EVs simply aren’t taking off in the United States at the same rate as other parts of the world.
Electric car adoption has remained relatively limited in the United States, even as consumers are getting on board with these zero emission vehicles in other countries around the globe.
A recent study has examined the various reasons standing in the way of appeal in the United States.
Among the main reasons identified by the study for the slow electric car adoption in the US is that Americans don’t know very much about EVs.
The research was conducted by John Helveston from the Department of Engineering Management and Systems Engineering at George Washington. Beyond identifying the reasons behind the low popularity level, the research paper also offered some potential solutions to the issues to help popularize EVs in the United States.
“We…find that the vast majority of respondents were unable to correctly answer basic knowledge questions [about EVs],” said the study titled: ‘Electric vehicle adoption: can short experiences lead to big change?’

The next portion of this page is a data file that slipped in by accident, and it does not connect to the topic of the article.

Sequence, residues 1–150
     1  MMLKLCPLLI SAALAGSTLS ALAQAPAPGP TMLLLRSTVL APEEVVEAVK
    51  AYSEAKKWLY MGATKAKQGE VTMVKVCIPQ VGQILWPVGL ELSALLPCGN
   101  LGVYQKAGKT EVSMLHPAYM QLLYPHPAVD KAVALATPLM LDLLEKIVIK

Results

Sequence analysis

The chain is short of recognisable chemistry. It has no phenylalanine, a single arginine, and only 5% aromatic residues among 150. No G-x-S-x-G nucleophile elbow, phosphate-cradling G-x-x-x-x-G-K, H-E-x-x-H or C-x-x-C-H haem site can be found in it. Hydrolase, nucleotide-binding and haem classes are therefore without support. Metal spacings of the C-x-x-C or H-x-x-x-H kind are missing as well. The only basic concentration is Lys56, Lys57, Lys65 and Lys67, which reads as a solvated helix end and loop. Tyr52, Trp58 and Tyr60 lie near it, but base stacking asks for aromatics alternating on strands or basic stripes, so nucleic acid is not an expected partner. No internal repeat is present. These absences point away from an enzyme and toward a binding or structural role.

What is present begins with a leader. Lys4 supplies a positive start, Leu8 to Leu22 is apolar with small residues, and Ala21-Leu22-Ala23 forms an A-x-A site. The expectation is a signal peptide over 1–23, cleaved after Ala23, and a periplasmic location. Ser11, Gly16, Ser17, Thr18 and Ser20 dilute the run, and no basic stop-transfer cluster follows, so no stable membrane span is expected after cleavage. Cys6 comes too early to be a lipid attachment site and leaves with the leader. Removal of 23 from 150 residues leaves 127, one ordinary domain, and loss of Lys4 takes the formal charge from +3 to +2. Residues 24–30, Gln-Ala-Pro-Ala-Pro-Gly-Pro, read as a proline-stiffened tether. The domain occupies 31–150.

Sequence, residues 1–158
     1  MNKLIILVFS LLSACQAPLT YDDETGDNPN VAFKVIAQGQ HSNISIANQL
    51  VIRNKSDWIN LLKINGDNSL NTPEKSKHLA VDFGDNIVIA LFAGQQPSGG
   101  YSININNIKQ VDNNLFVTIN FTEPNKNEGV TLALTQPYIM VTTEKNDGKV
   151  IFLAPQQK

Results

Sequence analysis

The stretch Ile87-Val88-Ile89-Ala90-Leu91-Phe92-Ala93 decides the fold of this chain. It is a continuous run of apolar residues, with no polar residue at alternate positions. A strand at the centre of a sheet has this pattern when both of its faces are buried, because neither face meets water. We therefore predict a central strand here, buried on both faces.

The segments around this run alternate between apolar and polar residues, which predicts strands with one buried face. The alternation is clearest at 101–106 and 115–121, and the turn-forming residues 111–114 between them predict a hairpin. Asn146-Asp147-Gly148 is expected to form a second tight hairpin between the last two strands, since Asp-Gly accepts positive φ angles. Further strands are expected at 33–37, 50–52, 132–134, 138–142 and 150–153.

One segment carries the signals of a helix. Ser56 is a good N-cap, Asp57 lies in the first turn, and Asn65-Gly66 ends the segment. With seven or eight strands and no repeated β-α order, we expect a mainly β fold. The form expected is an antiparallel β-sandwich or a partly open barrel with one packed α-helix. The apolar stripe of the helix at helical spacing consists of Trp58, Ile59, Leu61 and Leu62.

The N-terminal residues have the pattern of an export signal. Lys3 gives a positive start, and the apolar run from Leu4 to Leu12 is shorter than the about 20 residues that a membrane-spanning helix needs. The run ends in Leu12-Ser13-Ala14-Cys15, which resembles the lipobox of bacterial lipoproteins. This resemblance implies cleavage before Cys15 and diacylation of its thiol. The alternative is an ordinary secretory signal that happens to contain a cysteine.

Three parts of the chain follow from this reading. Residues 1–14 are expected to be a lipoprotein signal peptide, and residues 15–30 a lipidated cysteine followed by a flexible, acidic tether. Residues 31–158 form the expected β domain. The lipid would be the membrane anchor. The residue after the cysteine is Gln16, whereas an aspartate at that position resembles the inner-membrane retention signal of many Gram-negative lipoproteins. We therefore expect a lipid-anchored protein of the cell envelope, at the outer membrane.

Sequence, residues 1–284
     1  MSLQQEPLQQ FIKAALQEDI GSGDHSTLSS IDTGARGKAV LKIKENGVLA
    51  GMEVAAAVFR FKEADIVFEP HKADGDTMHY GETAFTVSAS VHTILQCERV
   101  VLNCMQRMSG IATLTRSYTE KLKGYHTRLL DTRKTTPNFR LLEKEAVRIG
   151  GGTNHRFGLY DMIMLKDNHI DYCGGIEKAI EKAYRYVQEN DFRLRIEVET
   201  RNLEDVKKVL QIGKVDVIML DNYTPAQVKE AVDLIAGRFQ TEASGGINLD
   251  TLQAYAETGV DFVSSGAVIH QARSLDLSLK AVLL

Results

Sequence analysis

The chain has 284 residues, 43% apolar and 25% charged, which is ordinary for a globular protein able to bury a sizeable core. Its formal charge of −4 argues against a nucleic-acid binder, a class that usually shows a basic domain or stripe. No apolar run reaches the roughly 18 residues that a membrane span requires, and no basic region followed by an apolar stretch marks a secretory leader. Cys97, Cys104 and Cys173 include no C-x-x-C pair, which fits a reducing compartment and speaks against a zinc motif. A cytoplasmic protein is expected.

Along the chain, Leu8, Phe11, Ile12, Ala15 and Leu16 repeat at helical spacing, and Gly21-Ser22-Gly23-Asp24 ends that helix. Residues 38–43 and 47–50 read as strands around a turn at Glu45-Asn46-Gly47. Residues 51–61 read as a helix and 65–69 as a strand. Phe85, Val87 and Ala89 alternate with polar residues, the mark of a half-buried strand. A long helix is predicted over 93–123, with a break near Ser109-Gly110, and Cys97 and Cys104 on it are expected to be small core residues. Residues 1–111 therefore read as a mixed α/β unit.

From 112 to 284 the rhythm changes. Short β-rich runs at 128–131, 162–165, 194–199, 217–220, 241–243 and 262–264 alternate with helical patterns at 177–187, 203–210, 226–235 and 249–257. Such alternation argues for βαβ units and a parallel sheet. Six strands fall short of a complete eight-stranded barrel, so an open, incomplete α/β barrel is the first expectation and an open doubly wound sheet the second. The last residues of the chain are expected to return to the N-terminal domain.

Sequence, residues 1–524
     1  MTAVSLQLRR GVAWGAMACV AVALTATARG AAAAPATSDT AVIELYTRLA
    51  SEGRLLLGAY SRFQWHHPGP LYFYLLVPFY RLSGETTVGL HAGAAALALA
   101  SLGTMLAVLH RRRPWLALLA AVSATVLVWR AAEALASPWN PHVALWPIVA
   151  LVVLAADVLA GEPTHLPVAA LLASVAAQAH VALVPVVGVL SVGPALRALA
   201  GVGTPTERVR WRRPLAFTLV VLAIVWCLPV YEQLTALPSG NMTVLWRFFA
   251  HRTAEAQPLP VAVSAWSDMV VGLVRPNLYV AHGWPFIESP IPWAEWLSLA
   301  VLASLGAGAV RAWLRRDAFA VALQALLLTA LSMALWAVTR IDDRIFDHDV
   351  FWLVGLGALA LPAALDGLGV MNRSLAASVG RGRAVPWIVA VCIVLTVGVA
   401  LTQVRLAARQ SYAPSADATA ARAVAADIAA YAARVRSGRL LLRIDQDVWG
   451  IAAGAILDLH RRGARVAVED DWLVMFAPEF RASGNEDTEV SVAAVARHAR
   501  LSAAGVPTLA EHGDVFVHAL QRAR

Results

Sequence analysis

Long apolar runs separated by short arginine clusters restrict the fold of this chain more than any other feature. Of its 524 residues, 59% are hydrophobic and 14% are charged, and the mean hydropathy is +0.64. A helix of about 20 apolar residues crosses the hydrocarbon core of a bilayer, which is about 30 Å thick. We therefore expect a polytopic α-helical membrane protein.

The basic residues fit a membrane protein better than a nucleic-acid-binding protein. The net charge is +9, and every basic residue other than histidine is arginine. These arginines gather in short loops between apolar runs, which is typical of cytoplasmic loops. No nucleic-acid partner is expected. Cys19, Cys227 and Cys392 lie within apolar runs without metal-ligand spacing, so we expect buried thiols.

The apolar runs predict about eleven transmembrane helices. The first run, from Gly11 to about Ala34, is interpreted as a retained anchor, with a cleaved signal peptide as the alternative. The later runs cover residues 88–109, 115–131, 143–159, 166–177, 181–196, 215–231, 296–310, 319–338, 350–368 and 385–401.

The study also cited previously published research which showed that American consumers “lack basic knowledge about many aspects” of electric battery powered vehicles. Among the areas in which consumers were typically not well-informed included issues such as recharging time, purchase price, driving range, the cost of electricity and the cost of maintenance.
This suggests that electric car adoption could increase substantially with improved information dissemination.
In one component of the research, only 18 percent of the participants could correctly answer a basic question comparing “plug-in” to “gasoline refueling.”
“There’s huge promise for EVs once people get in them and learn about them,” explained Helveston in a recent Forbes article. “Unfortunately, most people know very little about them, and few have even seen one let alone ride in one.”
The research also recommended a ride in an EV to help inform consumers and boost electric car adoption. It stated that it would take only 3 to 5 minutes to make the necessary difference. “Our study shows that having a direct experience — even for just a few minutes —
with a [plug-in electric vehicle] could be important for changing public opinion about PEVs on a mass scale,” said the paper.